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Future land use, leases at Langley Airport to be reviewed

No question airport will stay, but council to consider other issues
A light plane taking off at Langley Regional Airport on Monday, Oct. 24. (Matthew Claxton/Langley Advance Times)

Langley Township will take a look at the future and management of the local airport, but councillors were at pains to say they will keep it open and operational this week.

At a council process committee meeting on Monday, Oct. 23, the council looked at a memo from staff about the future of leases at the airport, which suggested changing the way new leases charge tenants.

This is in the face of a $7.5 million bill for a runway resurfacing that has to happen in the near future.

“The airport breaks even at the moment,” noted Councillor Michael Pratt. But there are major costs like the runway resurfacing that are coming up.

He also pointed to an effect the airport has on nearby development – areas around it can’t build higher than six stories. That includes the Willowbrook area, where the Township is currently looking at revamping the community plan.

Despite challenges, no one on council had any appetite for shutting down the airport.

“No one I know is considering closing the airport,” said Mayor Eric Woodward, noting he learned to fly there as a teenager.

“I want to confirm for everyone we’re trying to find solutions, and that’s it, that’s all we’re trying to do,” the mayor said.

Coun. Kim Richter noted the role of the airport in emergency air support, as Langley Regional was used to ship supplies to communities isolated by the floods caused by the atmospheric rivers two years ago.

The memo from staff noted that the aiport’s lease rates have not changed in decades, and are not based on the market value of the properties and their buildings.

The airport has a history going back to before the Second World War, when it was a handful of makeshift buildings and some mowed grass runways on the edge of what was then the community of Langley Prairie.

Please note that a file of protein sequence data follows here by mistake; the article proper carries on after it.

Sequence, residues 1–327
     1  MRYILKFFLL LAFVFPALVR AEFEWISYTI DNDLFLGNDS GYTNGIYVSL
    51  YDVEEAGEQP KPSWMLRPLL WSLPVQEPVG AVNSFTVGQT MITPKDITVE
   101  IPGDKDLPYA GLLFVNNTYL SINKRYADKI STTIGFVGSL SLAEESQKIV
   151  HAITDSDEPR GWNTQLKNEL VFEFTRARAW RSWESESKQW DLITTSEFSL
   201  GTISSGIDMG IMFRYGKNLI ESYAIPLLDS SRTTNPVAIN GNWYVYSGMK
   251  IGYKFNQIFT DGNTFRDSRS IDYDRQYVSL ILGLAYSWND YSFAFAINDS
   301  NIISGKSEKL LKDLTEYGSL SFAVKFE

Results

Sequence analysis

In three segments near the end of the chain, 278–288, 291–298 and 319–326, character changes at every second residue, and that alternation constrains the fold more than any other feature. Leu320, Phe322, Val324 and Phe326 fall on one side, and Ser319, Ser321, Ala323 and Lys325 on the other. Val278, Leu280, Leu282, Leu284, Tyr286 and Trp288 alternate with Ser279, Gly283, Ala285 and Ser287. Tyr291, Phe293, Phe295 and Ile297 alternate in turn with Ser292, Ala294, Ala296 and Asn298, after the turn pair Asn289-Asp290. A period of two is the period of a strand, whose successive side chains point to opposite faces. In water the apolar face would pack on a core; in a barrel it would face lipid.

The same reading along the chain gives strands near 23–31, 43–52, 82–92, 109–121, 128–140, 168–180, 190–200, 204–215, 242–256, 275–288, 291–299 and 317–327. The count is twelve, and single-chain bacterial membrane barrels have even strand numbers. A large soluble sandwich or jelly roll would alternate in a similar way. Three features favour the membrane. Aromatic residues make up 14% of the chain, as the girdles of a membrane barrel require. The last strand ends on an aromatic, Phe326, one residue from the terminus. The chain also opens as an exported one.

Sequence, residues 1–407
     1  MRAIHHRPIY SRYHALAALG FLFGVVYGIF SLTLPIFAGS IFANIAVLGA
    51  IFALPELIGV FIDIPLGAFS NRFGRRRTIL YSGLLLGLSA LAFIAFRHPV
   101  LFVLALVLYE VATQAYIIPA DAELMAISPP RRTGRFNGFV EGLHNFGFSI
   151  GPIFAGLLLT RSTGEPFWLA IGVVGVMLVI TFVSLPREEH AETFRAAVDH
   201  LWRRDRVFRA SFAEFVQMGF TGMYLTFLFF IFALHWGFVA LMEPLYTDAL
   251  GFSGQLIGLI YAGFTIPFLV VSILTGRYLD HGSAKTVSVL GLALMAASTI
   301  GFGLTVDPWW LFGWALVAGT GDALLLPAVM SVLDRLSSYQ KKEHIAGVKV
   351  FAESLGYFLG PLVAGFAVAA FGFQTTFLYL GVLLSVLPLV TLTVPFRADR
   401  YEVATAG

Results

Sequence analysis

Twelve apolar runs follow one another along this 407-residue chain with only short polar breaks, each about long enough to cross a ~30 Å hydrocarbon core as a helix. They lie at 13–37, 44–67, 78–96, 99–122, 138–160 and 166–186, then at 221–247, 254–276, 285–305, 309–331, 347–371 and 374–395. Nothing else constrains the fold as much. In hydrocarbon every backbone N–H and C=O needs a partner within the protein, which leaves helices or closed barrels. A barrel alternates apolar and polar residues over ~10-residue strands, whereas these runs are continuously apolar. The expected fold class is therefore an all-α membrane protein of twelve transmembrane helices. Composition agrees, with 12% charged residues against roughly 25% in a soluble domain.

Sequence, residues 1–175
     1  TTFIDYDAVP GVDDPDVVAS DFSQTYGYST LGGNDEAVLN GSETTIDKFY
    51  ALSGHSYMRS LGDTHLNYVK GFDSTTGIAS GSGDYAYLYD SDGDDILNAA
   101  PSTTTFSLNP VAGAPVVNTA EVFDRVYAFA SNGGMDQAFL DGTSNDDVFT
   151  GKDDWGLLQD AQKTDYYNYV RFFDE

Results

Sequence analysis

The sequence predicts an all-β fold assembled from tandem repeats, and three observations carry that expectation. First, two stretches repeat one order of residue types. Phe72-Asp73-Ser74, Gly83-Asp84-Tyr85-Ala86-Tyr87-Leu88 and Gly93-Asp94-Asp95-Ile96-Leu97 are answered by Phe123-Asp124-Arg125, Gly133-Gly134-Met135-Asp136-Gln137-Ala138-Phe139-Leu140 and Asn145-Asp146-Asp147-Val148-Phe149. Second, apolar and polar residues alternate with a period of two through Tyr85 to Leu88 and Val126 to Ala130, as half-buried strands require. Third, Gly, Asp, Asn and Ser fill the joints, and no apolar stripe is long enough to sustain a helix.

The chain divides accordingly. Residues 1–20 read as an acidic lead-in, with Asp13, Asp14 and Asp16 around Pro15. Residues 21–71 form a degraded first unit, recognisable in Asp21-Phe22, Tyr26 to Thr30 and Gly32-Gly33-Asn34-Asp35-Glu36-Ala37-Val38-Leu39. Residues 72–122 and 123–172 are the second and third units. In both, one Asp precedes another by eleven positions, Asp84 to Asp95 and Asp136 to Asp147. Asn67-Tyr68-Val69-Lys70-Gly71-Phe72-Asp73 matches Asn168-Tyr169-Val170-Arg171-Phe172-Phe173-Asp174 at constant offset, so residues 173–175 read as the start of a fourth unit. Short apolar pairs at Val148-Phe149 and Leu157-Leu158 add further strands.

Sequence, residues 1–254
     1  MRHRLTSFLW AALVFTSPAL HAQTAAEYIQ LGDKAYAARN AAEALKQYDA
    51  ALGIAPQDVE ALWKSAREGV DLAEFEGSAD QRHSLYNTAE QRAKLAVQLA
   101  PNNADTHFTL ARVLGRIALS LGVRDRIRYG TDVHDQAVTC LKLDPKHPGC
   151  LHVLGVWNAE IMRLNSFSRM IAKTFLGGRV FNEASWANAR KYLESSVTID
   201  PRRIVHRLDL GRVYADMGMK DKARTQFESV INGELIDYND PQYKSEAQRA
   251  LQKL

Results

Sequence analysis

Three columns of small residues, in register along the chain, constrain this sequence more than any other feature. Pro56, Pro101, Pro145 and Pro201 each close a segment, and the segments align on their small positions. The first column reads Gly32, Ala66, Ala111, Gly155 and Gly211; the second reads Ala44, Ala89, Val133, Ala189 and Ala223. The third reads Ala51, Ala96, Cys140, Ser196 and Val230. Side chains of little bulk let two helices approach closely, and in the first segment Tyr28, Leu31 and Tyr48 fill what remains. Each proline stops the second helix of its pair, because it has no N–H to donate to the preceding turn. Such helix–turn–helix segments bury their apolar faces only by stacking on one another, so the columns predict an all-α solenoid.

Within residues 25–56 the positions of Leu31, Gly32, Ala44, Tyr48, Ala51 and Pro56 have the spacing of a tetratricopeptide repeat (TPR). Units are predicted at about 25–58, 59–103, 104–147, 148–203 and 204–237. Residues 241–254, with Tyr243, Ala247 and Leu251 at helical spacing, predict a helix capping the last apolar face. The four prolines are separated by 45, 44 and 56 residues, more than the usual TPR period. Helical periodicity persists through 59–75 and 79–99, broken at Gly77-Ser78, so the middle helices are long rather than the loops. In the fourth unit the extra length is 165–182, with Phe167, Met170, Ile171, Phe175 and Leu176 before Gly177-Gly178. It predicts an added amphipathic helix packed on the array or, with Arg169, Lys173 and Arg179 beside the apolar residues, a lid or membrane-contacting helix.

The memo notes that as the airport developed, land was leased to tenants on a land lot basis.

“Essentially, the airport rented the land, and the tenant provided the required structures on the leased land,” said the memo.

The intention was that in the long run, the airport would take ownership of the structures, and then lease them for further terms to the existing tenants, or to new tenants.

Relatively long leases were needed so the tenants could ensure they would get the benefit of building structures, including offices and hangars, on land they didn’t own.

The memo suggested that the tenants have now realized the value of the buildings, and it is time to potentially move to a “land and building lease” model, which would lease the sites at market rates – likely higher than the rates based on bare land.

The memo also notes that a number of the industrial tenants in the Westside project, which runs along the north border of the airport by 56th Avenue, are coming to the end of their leases int he next few years.

“As the lease model is changed, current tenants may choose to continue with the new building-land lease model or replacement tenants could be obtained,” the memo said.

In addition to the leases, the memo and an associated report noted that pilots leasing small hangars are paying $150 a month, including costs and taxes. That’s compared to around $450 paid by recreational pilots at other local airports.

Many of the firms at the airport are helicopter-related, with the largest cluster of helicopter companies at one airport in Canada, including charter companies and maintenance firms.

There are urrently 26 commercial leases and 20 general aviation leases, mostly to recreational flyers.

There are 350 aircraft, mostly small recreational planes, kept at the airport.

Although the airport is owned by the Township, the land itself was transfered from the federal government in 1967, and if the Township ceases to operate the airport, the land will be returned to the federal government.

The council voted to have more discussion, and at the suggestion of Coun. Barb Martens, to ensure that tenants and airport users will be involved in consultation.

The memo that sparked the discussion will come back with more info from staff and discussions with tenants and pilots in the future.

Matthew Claxton

About the Author: Matthew Claxton

Raised in Langley, as a journalist today I focus on local politics, crime and homelessness.
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